I was to met Bob and Eric at the saddle at 13,020 feet but the sun had not found its way to comfort me and Bob and Eric were not in sight. I descended into the Navajo basin and waited about 1/2 down informing a party on their way to Wilson Peak of my location and to advise my climbing partner of my change in plans. During my wait, I noticed lots of people on their way from Navajo lake to climb Wilson Peak. At about 8:15am, Bob caught up with me. Eric decided that Wilson Peak would be his goal for the day and not Mt Wilson. (Eric did have a successful summit) After a refueling, we marched toward our goal. We were able to follow Roach's description and thus were able to make it to the 13,800 ridgeline following a well cairned route which kept the difficulty to 2 plus. We found the rock fairly solid. We reached the notch just north of the summit block. What a view to look down into the Kilpacker basin and El Diente to the west and Lizard Head spire to the east. Now Roach and other friends indicated that one then proceeds on or near the ridge crest south to the summit which involves the two class 4 moves. We started this way and for some reason became stymied by drop offs. I decided that there was too much air rushing up my shorts and we agreed to descend to the notch. I liked the look of the vertical rock on the east side of the ridge. Thus, we put on our harnesses (just in case) and proceeded up. We figured we would climb this until we reached a safe passage on the ridge direct. Bob was about 10 feet in front of me when he proudly pronounced he had reached the summit. I didn't believe him, therefore raced up the last few feet and realized indeed we had reached our goal. Note, that there is no register or survey marker on the summit. It was time for the obligatory photos. We then pondered our next move. Our original plan was then to descend and return the way we came. We thought long and hard about the traverse as the weather was spectarcular with a descent of El Diente down the Kilpacker route. We had no way to contact Eric to see if he would pick us up at the other trailhead and there was no way we were going to descend El Diente down the north slopes. While ascending Mt. Wilson, we were constantly transfixed by the barrage of rockfall screaming down the north side of the mountain. Bob had recently spoken with two of his BMS friends who had climbed the north route of El Diente a week before and claimed it the most miserable of all their 14ers. Thus, we agreed to descend the way we came. I found the downclimbing of the vertical rock not too difficult. It was pretty loose but if careful, not bad. Bob and I disagreed on the difficulty. He rated it class 3, I rated class 4 as there were a few cautious moves. I never did figure out how to summit via the ridgeline.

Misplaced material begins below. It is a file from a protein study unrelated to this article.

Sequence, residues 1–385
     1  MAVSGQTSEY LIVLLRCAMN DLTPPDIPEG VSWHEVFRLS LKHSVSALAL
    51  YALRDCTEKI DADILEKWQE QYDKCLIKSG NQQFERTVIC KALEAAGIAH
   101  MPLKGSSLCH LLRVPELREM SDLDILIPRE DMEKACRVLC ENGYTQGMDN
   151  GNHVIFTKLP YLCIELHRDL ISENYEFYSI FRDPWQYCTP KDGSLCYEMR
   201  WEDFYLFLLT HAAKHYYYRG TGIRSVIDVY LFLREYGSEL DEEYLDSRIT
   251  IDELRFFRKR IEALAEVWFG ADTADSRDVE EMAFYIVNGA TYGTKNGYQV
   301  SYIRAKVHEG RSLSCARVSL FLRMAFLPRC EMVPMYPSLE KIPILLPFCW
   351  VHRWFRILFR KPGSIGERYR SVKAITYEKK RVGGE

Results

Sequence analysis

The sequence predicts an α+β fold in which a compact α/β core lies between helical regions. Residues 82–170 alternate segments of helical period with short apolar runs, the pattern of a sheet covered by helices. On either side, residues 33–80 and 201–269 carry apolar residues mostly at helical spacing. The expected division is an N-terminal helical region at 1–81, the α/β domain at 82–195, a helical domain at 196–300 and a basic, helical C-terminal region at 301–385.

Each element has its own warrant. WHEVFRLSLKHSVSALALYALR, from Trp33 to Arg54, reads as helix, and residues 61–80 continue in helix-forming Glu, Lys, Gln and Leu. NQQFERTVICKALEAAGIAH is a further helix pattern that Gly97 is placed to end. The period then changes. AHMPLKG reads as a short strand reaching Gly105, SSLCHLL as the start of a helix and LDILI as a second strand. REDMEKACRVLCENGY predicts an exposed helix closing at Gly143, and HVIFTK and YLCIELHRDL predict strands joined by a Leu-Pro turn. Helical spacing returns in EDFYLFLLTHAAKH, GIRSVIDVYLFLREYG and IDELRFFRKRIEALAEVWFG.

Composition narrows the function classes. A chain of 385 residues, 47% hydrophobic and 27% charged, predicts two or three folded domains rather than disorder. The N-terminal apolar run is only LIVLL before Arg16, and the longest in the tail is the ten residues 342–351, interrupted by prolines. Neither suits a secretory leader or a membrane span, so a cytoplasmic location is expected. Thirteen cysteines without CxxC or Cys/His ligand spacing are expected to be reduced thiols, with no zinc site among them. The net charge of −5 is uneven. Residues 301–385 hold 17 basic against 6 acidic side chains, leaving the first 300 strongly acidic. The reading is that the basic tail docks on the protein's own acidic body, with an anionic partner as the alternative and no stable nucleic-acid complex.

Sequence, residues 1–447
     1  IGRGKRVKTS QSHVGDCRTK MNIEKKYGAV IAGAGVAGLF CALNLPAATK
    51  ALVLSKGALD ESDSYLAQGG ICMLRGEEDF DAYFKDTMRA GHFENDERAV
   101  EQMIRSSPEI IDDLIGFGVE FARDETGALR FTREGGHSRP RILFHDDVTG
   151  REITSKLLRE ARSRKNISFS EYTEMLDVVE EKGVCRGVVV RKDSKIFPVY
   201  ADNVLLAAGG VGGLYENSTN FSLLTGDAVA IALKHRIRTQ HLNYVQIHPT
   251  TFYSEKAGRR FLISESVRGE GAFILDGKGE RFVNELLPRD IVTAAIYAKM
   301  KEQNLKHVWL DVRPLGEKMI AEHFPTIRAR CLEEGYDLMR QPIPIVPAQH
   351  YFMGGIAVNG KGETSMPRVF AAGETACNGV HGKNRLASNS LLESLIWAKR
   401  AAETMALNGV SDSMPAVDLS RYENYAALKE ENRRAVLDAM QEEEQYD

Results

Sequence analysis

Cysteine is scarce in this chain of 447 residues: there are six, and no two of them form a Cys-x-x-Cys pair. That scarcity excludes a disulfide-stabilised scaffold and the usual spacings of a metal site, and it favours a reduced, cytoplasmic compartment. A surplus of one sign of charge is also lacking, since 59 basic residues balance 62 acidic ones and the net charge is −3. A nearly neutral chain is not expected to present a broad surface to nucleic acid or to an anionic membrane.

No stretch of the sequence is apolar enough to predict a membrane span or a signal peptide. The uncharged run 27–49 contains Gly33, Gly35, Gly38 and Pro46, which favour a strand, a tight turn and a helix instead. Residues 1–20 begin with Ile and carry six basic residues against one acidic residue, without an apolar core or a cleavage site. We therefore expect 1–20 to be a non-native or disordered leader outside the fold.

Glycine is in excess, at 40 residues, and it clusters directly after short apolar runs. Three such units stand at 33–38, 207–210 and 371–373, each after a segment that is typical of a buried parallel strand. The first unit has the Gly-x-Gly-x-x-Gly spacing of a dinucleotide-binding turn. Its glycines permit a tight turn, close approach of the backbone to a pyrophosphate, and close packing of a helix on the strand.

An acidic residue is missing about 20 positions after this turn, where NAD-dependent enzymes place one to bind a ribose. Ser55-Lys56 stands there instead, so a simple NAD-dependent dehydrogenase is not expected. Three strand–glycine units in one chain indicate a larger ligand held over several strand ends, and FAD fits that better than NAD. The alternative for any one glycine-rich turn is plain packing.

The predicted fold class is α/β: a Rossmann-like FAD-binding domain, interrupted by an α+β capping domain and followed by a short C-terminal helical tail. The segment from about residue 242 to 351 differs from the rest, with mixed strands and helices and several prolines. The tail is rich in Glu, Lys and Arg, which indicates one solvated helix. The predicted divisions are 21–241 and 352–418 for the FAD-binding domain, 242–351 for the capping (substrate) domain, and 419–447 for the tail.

We made it into the basin without incident. Marched our way up the 700 feet to the Rock of Ages saddle and then strode back to the trailhead missing the hordes of people that climbed Wilson Peak that day. We never saw anyone on El Diente or Mt Wilson.